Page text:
# Vocabulary/atco

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`[x] u@:v y`At Conjunction

Rank Infinity *-- operates on [x and] y as a whole --*
WHY IS THIS IMPORTANT?

Forms the *composition* of two verbs `u` and `v` .

u@:v y <--> u (v y) x u@:v y <--> u (x v y)

The result is a tacit verb equivalent to ` u [x] v y ` (where `[x]` represents an optional `x`-argument)

y =: i. 6 NB. a sample list (the contents don't matter) <: # y NB. count the items in y and subtract 1 5 compo =: <:@:# NB. Make a new verb: the "composition" of (<:) and (#) compo y 5

You can safely chain verbs using (`@:`) with minimal need for parentheses

1 2 3 +/@:*:@:- 2 2 2 NB. sum of squared differences 2 +/ *: 1 2 3 - 2 2 2 NB. same thing, without using (@:) 2

See: **More Information** for a visual comparison of At (`@:`), Atop (`@`), Compose (`&`) and Appose (`&:`).

### Common uses

1. Implement: *f(g(x))* -- the *mathematical composition* of the two functions: *f* and *g*.

mean=: +/ % # cat=: ,&1"1 ]z=: i.2 3 NB. sample noun 0 1 2 3 4 5 cat z NB. appends 1 to each row of z 0 1 2 1 3 4 5 1 mean@:cat z NB. mean of the COLUMNS of cat z 1.5 2.5 3.5 1 mean@:cat b.0 NB. rank of (mean@:cat) _ _ _

But see Rank in a hurry: an insidious rank problem for how and when these different methods give different results.

### Should I use `@` or `@:`?

Suppose your `y` is a list of numbers and you want the total of the squares of all the numbers. You want to apply `+/` to all the squares, so you use `@:` to get

+/@:*: 3 4 5 50

If you used `@`, `+/` would be applied on each result item of `*:` - and because the rank of `*:` is 0, you would be applying `+/` on individual atoms:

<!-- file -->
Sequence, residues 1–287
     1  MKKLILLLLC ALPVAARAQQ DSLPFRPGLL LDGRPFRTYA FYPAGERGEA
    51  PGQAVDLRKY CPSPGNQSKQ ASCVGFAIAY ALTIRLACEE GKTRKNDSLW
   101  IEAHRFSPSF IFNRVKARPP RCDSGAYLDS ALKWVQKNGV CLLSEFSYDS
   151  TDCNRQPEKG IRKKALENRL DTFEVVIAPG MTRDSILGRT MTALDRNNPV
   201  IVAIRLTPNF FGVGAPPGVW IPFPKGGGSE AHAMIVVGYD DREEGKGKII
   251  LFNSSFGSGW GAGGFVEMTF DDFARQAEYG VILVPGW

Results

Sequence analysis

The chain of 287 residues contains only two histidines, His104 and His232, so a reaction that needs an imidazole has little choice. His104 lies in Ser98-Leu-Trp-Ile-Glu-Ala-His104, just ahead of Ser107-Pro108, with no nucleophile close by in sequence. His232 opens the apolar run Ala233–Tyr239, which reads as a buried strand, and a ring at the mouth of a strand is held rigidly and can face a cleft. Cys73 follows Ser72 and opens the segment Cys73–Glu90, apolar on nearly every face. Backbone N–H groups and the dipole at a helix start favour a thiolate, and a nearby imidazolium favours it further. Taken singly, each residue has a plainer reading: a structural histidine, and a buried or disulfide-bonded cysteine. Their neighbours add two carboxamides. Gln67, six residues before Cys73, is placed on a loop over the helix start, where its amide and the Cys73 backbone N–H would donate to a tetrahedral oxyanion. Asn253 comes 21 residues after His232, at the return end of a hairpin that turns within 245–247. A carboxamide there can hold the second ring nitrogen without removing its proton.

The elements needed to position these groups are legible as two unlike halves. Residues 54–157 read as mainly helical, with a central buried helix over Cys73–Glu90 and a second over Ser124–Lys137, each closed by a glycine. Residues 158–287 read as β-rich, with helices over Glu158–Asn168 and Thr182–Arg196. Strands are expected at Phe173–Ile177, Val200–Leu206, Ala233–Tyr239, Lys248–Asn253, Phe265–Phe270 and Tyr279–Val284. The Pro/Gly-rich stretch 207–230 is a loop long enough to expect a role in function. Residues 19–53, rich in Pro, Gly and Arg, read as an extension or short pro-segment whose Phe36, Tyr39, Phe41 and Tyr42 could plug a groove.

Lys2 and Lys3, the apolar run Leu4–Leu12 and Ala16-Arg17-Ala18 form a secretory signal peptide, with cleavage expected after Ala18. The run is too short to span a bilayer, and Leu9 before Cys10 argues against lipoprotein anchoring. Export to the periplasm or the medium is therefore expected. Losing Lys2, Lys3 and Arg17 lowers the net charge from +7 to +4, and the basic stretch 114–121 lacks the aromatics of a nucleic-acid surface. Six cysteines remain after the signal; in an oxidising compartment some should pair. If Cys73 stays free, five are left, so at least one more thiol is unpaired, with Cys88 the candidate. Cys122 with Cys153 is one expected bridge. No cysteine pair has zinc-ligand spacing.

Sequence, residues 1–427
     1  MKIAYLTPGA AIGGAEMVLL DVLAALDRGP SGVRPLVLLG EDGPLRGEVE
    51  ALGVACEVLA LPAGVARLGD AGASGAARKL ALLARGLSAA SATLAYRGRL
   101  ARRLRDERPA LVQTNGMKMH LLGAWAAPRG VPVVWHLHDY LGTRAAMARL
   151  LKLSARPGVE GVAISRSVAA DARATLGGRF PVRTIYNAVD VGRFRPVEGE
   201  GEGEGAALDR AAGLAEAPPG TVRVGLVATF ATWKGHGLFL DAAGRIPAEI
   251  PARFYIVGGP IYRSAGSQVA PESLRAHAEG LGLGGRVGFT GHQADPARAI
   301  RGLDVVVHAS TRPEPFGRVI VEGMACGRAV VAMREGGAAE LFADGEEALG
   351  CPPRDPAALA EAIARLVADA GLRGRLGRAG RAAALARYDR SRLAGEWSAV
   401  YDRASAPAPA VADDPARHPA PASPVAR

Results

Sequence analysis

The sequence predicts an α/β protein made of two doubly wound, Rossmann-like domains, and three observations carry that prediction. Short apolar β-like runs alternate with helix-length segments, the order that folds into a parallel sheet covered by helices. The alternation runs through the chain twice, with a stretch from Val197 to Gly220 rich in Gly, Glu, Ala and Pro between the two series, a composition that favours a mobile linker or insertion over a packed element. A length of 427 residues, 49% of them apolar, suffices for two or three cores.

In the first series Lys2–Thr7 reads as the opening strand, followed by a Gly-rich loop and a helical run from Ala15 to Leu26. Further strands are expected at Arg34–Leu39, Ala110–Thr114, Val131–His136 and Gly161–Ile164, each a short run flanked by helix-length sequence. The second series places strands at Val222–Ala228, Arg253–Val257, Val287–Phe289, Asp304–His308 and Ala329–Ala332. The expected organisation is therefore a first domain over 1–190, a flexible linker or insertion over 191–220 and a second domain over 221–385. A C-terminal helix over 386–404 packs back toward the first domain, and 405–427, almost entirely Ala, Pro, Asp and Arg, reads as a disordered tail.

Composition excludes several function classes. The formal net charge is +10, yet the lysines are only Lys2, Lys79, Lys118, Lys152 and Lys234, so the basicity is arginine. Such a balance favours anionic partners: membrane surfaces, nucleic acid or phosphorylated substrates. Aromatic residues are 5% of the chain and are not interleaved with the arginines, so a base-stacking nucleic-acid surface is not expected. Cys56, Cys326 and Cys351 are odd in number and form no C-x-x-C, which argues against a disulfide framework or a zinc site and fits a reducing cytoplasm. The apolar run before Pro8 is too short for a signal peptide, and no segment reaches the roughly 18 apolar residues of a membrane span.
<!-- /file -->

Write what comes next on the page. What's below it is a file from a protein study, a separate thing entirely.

+/@* 3 4 5 9 16 25

Suppose your `y` is a list of boxes and you want to create a list of the number of items in the contents of each box. You want to apply `#` individually on the contents of each box, so you use `@` to get

#@> 4 5 6 7;1 2;3 4 2 1

If you used `@:`, the interpreter would open all the boxes and join them together, then applying `#` just once on the assembled result:

#@:> 4 5 6 7;1 2;3 3

### Related Primitives

Atop (`@`),
Compose (`&`),
Appose (`&:`),
Hook (`(u v)`),
Fork (`(f g h)`)

### More Information

1. Unlike Atop (`@`), the *rank* of (`u@:v`) is infinite, irrespective of the ranks of `v`.
This means that `u` will be executed on the entire result of `v`, after individual results of `v` have been collected and filled.

An illustration of this explanation follows, extracted from the series of diagrams referenced below:

**At** (`u@:v`) , Atop (`u@v`) , Appose (`&:`) , and Compose (`&`) are also visualized along with verb application and rank here:
a series of flow diagrams

2. `u@:v` is called for when the rank of `v` is less than the ranks of an argument, but you want to apply `u` to the **entire result** of `v`.

Thus, in the "sum of squared-differences" example in the introduction, we needed (`@:`) not (`@`)

1 2 3 +/@:*:@:- 2 2 2 2 1 2 3 +/@*:@- 2 2 2 NB. different result using (@) in place of (@:) 1 0 1

Because `x - y` has rank 0, the entire verb ` +/@*:@- ` was applied to each atom of `x` and `y` individually, making `+/` useless because it is now applied to each number independently.

2. So what's the difference between Atop (`@`) and Compose (`&`) ?

None at all, for the *monads* (`u@v`) and (`u&v`)

u&v y ↔ u v y u@v y ↔ u v y

But the *dyads* are different:

x u&v y ↔ (v x) u (v y) x u@v y ↔ u x v y

According to the J Dictionary -- `&:` *is equivalent to* `&` *except that the ranks of the resulting function are infinite; the relation is similar to that between* `@:` *and* `@`